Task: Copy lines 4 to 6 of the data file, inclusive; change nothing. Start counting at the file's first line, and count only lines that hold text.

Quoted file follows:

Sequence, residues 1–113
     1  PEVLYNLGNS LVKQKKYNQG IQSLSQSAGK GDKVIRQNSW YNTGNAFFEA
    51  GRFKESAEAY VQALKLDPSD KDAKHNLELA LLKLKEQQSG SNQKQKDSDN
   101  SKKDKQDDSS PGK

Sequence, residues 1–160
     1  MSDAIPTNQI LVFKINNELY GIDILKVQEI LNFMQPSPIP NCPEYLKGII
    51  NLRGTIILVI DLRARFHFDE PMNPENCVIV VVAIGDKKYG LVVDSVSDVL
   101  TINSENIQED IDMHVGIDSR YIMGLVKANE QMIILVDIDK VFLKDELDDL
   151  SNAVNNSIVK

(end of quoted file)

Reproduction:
   101  SKKDKQDDSS PGK

Sequence, residues 1–160
     1  MSDAIPTNQI LVFKINNELY GIDILKVQEI LNFMQPSPIP NCPEYLKGII